"There were students wearing dust masks to school every day," Nordstrom recalls. "They were saying, 'Don't drink the water out of the water fountain. We're not sure if it's not contaminated.' Or, 'You can't go outside for lunch because it's not safe to breathe the air outside.' "
There were air monitors in the hallways, "little men in biohazard suits coming around testing the air," and National Guardsmen and police outside wearing dust and gas masks.
"In retrospect," Nordstrom concludes, "it's kind of easy to say, 'Well, you know, I could have left.' But it wasn't as clear-cut at the time and it took months for the truth to come out, and by the time the truth came out, the damage had already been done."
A desire on Nordstrom's part to stand up to this political charlatanism by the city and other government agencies directly intersected with a personal post-Sept. 11 need of hers: She needed health insurance coverage in spite of her asthmatic condition.
"I realized that if I didn't get insurance, within a certain period of time, Sept. 11-related illnesses were potentially going to become a pre-existing condition that no one was going to treat," she observes. "And considering respiratory problems are my only health problem, having that be a pre-existing condition makes health insurance not even worth it, because I'm paying for my only health problem."
She adds: "It occurred to me I was going to have to really monitor my health, because there were real implications being associated with Sept. 11 and a lot of them were respiratory conditions, and considering that I was already sensitive to my respiratory, bronchial condition, the fact that that was going to have to become even more of a concern than it already was was almost mind-boggling."
So Nordstrom hit upon a plan. In early 2006, she decided to write a letter to all her elected officials in the New York area decrying the fact that Stuyvesant students involved in the Sept. 11, 2001, area disaster were receiving no financial assistance from any government agency.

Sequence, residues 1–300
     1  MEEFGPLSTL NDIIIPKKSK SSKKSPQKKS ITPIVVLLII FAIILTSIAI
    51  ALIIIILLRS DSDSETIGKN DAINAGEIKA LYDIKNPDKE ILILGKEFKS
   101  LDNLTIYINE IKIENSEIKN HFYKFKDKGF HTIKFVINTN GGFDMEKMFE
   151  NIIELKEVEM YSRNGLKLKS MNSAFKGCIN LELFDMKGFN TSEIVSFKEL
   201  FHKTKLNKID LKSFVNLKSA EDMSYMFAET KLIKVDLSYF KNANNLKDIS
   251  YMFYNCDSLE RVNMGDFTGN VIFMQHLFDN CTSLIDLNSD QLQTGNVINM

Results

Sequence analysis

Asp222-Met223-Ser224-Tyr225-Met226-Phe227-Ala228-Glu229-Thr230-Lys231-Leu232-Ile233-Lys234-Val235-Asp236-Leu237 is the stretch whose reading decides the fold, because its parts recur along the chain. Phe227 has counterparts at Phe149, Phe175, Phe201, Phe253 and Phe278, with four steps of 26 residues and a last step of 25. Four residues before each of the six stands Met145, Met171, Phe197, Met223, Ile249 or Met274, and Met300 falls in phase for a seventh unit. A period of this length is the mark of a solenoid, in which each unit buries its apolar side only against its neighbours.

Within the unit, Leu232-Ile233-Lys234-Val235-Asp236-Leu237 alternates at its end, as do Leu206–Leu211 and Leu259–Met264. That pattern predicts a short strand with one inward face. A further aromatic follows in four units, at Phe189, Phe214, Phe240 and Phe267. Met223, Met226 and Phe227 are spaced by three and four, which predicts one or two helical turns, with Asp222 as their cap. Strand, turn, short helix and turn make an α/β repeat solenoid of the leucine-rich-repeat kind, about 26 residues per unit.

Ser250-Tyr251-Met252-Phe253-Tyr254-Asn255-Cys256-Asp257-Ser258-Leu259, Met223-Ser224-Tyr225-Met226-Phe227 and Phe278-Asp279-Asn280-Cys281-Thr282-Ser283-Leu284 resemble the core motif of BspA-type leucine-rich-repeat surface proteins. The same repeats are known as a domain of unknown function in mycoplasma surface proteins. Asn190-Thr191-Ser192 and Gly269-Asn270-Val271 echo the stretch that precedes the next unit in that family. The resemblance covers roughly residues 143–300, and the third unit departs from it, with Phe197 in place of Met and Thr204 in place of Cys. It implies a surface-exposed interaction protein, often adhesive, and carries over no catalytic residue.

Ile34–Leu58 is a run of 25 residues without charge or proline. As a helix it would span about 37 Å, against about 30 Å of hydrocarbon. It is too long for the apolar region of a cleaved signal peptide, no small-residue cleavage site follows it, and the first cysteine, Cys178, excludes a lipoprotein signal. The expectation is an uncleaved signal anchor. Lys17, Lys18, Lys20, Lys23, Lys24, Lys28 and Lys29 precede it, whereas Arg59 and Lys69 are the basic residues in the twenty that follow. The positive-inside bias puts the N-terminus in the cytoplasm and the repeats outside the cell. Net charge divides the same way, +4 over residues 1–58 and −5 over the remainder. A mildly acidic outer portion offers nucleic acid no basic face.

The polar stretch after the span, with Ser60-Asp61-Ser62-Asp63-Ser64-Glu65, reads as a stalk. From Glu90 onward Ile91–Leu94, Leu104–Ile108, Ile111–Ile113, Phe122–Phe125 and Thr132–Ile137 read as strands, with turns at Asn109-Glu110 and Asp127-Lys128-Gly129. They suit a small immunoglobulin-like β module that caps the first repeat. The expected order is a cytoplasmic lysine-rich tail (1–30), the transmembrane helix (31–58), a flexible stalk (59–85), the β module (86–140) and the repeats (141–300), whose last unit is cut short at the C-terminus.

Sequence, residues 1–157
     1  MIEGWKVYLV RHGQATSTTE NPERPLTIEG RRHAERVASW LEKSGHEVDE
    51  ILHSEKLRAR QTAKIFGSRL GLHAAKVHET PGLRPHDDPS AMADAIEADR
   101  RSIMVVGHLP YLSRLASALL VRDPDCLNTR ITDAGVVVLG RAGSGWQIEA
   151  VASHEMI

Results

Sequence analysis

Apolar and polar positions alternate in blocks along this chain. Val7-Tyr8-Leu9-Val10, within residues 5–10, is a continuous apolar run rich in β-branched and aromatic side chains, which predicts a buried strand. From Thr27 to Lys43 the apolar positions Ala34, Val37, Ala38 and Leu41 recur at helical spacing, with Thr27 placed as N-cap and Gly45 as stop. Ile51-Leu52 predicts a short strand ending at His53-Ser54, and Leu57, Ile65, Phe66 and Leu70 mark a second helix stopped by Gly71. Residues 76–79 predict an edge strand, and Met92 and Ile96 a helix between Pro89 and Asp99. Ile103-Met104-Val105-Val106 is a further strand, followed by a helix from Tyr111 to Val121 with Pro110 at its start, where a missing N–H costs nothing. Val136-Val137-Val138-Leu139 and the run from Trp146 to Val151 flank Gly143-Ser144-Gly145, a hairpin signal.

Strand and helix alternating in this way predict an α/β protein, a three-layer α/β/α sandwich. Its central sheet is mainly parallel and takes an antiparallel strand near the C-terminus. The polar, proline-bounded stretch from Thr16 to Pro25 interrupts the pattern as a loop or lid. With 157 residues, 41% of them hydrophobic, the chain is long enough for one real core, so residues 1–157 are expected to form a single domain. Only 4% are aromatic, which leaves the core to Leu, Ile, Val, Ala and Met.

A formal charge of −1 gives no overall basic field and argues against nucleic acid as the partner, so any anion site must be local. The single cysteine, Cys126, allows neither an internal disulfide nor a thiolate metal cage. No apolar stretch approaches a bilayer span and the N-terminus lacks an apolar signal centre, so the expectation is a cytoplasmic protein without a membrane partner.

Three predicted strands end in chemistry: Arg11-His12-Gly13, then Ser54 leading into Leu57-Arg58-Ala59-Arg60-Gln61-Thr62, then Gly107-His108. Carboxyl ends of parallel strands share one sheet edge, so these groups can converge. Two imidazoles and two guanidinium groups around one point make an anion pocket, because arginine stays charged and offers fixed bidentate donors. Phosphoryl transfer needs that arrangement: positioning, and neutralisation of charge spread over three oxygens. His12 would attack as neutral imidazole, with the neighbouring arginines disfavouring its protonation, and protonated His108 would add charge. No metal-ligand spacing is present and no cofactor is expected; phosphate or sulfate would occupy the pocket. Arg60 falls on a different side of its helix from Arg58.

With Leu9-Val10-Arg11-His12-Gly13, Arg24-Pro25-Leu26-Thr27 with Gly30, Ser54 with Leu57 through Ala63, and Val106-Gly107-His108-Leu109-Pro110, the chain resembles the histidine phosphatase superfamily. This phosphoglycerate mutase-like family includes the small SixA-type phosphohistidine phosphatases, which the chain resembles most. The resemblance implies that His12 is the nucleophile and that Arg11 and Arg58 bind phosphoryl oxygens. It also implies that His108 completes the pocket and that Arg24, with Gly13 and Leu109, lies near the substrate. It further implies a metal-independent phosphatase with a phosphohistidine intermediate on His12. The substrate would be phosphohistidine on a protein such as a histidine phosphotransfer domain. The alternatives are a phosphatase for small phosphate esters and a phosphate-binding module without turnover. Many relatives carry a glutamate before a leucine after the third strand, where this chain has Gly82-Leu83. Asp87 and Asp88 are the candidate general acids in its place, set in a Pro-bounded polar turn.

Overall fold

She planned to send the letter solo. But then a friend of hers--usually much more conservative than she--said she could use his name, and soon what started as a letter became a petition, with 150 names in all.
"I said Stuyvesant students deserved health insurance because we were minors when we were back at Stuyvesant, so we didn't have any say in how we were treated. We were literally like pawns in the situation."
Did she see any results?
The mail didn't work. "I also e-mailed to as many offices as I could," she says. "And then I would use this to call the offices and see what they were doing about it. I would say, 'Here's a demographic you didn't know was being affected by this.' "
But it was not until a brassy move on Nordstrom's part, at an anti-war rally in May of that year, that she was provided with her big break. She was with her mother at the rally when she decided to go right up to Manhattan Borough President Scott Stringer and tell him she'd sent the letter to his office.
"He was like, 'Come meet with me next week,' and that's how things began happening, how I began to meet Congresswoman Carolyn Maloney and Congressman Jerry Nadler."
That led to Nordstrom as the leader and chief spokesperson for a loose-knit group of former Stuyvesant students who are available for lobbying purposes and appearances at press conferences and other public events. In March, for example, Nordstrom brought people from the group with her to lobby Congress for health insurance benefits for students--something they would like to make a national cause.
But, as of late April, like so much else associated with post-Sept. 11 compensation for victims, Nordstrom's cause had gone nowhere. "No money has been set aside for students or residents," she says.
As for Nordstrom herself, life after Stuyvesant led directly to college at Vassar. Graduating from Vassar as a political science major, writerly instincts took over, and she will soon be headed for Los Angeles with her sights set on making it as a screenwriter.
Even though Nordstrom will be based in Los Angeles, she plans to stay involved with the Stuyvesant student lobbying group. "I'll continue to be the point person, and I can always come back," she says.
As for health insurance coverage, there's good news and bad news. The good news, she says, is that "my asthma has finally gotten back under control. But I'm in a difficult position. To keep it under control, I have to take medication daily and I don't have prescription drug insurance anymore. I can't afford to have a lapse in coverage because then I'll never be covered for asthma again."
Needless to say, Nordstrom has lived a world of experience post-Sept. 11. Lessons learned? The one that comes most readily to mind: "I don't think it occurred to me at the time that the situation at Stuyvesant was going to be as political a statement as it ended up in my opinion," she says.
"I didn't ever expect my own government would send a bunch of schoolchildren into an environmental disaster area to make a political point, and I really believe that's what happened."
However, she adds, her experience since Sept. 11 has also taught her that politicians, if still unable to find ways to insure students in similar circumstances, are at least willing to listen.
STEVE YAHN lives in Croton-on-Hudson, N.Y.
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October 1, 2007